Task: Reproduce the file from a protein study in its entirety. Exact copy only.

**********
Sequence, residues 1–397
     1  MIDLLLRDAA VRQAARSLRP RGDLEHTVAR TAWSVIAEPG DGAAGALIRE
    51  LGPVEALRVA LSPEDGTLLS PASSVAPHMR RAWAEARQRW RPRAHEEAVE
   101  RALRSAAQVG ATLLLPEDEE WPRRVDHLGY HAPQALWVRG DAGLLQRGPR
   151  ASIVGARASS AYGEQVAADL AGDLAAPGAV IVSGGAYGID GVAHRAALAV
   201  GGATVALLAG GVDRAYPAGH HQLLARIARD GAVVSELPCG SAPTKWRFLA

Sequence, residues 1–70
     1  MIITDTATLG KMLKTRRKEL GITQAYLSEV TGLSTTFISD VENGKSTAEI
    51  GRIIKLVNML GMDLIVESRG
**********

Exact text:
Sequence, residues 1–397
     1  MIDLLLRDAA VRQAARSLRP RGDLEHTVAR TAWSVIAEPG DGAAGALIRE
    51  LGPVEALRVA LSPEDGTLLS PASSVAPHMR RAWAEARQRW RPRAHEEAVE
   101  RALRSAAQVG ATLLLPEDEE WPRRVDHLGY HAPQALWVRG DAGLLQRGPR
   151  ASIVGARASS AYGEQVAADL AGDLAAPGAV IVSGGAYGID GVAHRAALAV
   201  GGATVALLAG GVDRAYPAGH HQLLARIARD GAVVSELPCG SAPTKWRFLA

Sequence, residues 1–70
     1  MIITDTATLG KMLKTRRKEL GITQAYLSEV TGLSTTFISD VENGKSTAEI
    51  GRIIKLVNML GMDLIVESRG